Photo by Greg Titian.
For the last 5 to 10 years, prohibition cocktails have been king. Long gone are the cosmopolitans and alabama slammers of the '90s. But even more recently, another trend is threatening to overthrow the stiff whiskey and gin drinks that have been dominating cocktail menus at bars: tiki. Tiki is like the prohibition cocktail's more fun cousin. Strong spirits are still there to be sure, but the focus is on rum, exotic fruit juices, and funky ingredients that are a bit hard to find and even harder to pronounce (orgeat, anyone?).
To help explain the tropical wave sweeping bars across the country, I talked to two experts: James Oppedisano, proud owner of the Hala Kahiki just outside Chicago, which has been slinging mai tais since 1964, and Greg Titian, a cocktail aficionado and host of the web series How to Drink who believes everyone can learn the ins and outs of mixology. But let's start with a little history.
Ernest Raymond Beaumont Gantt was given a choice by his parents in 1925: go to college, or spend his college fund as he saw fit. Gantt took the money and ran, but not just anywhere—he spent his late teens and early 20s island hopping around the Caribbean and South Pacific. By 1933, Gantt had enough saved up to create his own slice of paradise back home in Hollywood, and thus the first true tiki bar was born: Don the Beachcomber. It wasn't the first Polynesian-themed restaurant or bar, plenty of those existed already, but Gantt was the first to match the drinks to the decor. The bar was such a hit, he eventually went ahead and changed his name to (you guessed it) Donn Beach.
It would take years before any of Donn's creations such as the mai tai, the zombie, and the three dots and a dash could be properly re-created by the intrepid at-home mixologist. As Titian remarks, "There's this misconception about tiki that there's a lot fruit juices and sugar and like a gallon of rum and you wanna hide all that rum taste behind a bunch of sweet stuff, and that is a function of the secrecy that surrounded the classic tiki bars like Trader Vic's and Don the Beachcomber."
Tiki titans like Donn and Vic so viciously guarded their creations that almost no one knew what went in them. Donn even went so far as to remove the labels from bottles behind the bar, referring to the liquors and syrups only by vague titles such as "Spices #8" and "Bottle #4". Thankfully, his secrets have been outed and great tiki drinks are finding their place back on the map.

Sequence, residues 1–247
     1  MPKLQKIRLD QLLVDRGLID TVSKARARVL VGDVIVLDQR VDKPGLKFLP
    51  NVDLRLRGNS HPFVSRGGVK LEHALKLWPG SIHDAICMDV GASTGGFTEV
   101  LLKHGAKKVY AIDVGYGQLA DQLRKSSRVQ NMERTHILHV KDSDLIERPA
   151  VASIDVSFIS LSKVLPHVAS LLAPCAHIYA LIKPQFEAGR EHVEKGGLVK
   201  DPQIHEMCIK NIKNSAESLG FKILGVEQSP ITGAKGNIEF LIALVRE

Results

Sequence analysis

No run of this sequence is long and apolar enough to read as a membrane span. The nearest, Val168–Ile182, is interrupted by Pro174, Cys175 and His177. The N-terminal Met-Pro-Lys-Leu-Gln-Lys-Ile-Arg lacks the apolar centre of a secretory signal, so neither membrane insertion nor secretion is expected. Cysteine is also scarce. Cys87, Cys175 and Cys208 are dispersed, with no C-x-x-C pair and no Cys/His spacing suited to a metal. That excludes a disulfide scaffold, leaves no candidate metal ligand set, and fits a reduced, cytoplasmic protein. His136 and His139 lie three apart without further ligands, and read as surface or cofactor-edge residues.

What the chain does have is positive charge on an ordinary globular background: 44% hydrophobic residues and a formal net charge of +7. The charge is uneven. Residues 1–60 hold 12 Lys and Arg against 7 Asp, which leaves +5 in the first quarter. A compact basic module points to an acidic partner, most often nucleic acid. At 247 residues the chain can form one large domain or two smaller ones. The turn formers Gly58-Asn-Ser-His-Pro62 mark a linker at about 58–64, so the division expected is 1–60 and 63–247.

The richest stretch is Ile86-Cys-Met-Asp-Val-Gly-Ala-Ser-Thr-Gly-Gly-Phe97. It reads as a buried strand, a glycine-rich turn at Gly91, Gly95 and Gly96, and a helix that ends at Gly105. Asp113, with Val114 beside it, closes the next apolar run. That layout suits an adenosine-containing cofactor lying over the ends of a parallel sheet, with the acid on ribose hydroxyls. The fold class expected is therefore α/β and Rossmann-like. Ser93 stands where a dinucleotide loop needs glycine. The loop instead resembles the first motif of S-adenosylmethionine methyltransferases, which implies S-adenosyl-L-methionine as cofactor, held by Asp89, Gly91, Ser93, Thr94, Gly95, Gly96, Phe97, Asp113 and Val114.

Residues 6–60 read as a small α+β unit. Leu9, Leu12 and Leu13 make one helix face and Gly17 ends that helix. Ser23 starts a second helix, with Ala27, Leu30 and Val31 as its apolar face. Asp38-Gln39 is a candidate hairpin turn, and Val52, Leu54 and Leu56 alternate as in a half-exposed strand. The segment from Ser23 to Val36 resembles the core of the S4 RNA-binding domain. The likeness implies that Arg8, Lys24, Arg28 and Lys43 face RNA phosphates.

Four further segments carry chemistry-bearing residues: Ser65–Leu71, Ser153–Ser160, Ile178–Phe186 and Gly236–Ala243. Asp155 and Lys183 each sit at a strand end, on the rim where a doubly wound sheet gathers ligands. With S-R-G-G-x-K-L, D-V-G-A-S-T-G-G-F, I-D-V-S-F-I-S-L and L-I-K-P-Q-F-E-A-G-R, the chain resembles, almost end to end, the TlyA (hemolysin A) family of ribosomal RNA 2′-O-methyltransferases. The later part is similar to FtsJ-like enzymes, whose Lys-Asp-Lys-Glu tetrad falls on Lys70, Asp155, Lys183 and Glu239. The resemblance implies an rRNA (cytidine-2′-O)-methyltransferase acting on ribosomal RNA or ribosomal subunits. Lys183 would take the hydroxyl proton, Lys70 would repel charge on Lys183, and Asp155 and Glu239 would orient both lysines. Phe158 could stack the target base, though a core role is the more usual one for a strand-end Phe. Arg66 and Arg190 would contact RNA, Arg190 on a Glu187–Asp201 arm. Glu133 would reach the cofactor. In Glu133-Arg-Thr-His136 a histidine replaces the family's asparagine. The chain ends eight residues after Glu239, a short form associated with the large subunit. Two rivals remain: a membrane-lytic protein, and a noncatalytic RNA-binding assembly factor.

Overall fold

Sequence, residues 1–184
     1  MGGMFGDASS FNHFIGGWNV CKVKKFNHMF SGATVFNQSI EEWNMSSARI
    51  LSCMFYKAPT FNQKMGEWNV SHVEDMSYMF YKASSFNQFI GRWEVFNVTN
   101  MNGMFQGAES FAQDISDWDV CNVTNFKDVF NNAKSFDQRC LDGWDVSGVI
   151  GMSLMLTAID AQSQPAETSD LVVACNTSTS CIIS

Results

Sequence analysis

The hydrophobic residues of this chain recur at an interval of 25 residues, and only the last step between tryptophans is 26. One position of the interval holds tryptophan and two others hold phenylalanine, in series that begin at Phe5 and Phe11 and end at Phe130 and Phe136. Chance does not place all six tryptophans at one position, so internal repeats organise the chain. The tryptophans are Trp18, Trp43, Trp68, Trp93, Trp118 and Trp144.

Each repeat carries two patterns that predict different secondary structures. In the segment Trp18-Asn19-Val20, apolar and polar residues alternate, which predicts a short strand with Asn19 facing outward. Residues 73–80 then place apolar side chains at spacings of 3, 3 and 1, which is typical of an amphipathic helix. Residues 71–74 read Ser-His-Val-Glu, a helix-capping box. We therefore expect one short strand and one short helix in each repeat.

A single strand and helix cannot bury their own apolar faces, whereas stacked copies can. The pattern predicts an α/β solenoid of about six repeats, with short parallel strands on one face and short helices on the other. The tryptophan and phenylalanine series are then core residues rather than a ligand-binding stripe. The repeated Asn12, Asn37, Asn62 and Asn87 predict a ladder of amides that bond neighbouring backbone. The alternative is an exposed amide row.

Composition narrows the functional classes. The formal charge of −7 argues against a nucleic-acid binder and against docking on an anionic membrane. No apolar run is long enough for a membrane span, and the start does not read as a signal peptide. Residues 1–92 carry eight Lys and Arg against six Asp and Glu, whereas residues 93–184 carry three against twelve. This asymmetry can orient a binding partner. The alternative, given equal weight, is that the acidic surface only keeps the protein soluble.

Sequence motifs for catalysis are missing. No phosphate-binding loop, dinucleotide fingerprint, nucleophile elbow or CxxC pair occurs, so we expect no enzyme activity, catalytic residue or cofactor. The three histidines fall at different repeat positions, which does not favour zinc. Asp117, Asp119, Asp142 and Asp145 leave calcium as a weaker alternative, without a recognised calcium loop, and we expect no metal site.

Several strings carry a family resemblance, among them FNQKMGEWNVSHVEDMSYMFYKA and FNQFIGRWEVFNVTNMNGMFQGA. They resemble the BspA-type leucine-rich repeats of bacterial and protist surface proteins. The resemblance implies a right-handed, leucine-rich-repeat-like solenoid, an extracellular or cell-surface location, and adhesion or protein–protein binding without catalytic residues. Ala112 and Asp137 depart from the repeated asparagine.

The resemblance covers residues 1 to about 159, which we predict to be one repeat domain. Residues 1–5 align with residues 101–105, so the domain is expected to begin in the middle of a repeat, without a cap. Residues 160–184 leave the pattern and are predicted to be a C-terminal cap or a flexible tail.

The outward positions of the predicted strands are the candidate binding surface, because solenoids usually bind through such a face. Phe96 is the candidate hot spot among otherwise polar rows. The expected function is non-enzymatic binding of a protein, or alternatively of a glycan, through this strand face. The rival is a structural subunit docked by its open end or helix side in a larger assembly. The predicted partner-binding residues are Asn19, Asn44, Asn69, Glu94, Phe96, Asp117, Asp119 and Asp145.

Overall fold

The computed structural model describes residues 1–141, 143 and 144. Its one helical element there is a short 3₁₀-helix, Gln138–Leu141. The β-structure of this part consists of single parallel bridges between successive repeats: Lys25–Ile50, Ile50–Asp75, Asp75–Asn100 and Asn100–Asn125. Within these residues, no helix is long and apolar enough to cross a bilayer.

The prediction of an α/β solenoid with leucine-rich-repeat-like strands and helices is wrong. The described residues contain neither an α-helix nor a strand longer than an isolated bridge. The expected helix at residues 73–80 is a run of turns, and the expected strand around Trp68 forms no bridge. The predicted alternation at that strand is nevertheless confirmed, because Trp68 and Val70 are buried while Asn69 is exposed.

Oppedisano is hardly surprised by the resurgence of tiki, noting, "We've seen many a tiki comeback throughout the years. This is personally my third." For this most recent tiki-drink craze, Titian points to the craft-cocktail movement, saying, "I think there's also something to be said for the fact that tiki drinks rely on a lot of ingredients that people have not had access to and that, for whatever reason, the speakeasy, craft-cocktail movement has made those available again." Both agree that drinks like the jet pilot and the beachcomber are simply timeless. That doesn't mean tiki hasn't evolved, though.
"We'll never do certain things like get TVs or turn into a dance club after a certain time," Oppedisano says. But, he adds, "You couldn't survive in this industry for almost 53 years if you didn't in some way stay current and give the patrons what they are looking for." For Hala Kahiki, that's meant allowing the drink menu to explode from a humble two pages and 25 drinks to an impressive roster of 130 drinks today.
Photo by Greg Titian.
That much variety can seem overwhelming to a tiki newbie. Thankfully, Titian and Oppedisano have a few recommendations. "If someone is absolutely lost, or doesn't know what they like, we usually steer them to the Hala Kahiki. It's sweet, but tangy. Strong, but not overwhelming with liquor flavor. Plus it's our namesake, so you know, it better be good!" says Oppedisano of his house speciality, a blend of three types of rum mixed with an assortment of fresh fruit juices. Titian, on the other hand, turns to the tried-and-true tiki classic: the fog cutter. "It uses a float of sherry in a way that changes the entire thing; it has a flavor profile that I don't think you'll find in another drink," he says.
But what makes the perfect tiki drink? Titian and Oppedisano were both quick to answer that the real question is, "What do you like?" With so much variety among tiki drinks, there's truly something for every palate, but one thing both pros agree upon is that a quality tiki drink needs to be balanced.
Specifically, Titian says, "Like all good cocktails, [tiki drinks] should really accentuate the flavors of the base spirits that you're using," but more poetically, "It should be like escapism in a glass." Oppedisano echoes that sentiment, "The perfect tiki drink should transport you to another place mentally. Just like a song evokes a memory and transports you back to that time, a tiki drink should make you mentally escape to a relaxing place."
If you're looking to re-create that beachy vibe at home, you won't need much, says Titian. With just two types of rum (specifically a Jamaican rum and rhum agricole) and some orgeat (or almond syrup), you're on your way to learning how to make a mai tai. "When you can make a mai tai I think you've got sort of the granddaddy and homebase of the tiki drinks and a great introduction for yourself and your guests if you make it right," says Titian.
But if the need for a daiquiri strikes and your home bar is woefully understocked, don't worry: beloved family-owned hideaways like the Hala Kahiki have survived 50 years already and plan to be around for at least 50 more. They've got a barstool and a kooky tiki glass with your name on it.
Photos: Tiki drink images by Greg Titian, Hala Kahiki image by Groupon.
This article was originally published in 2017,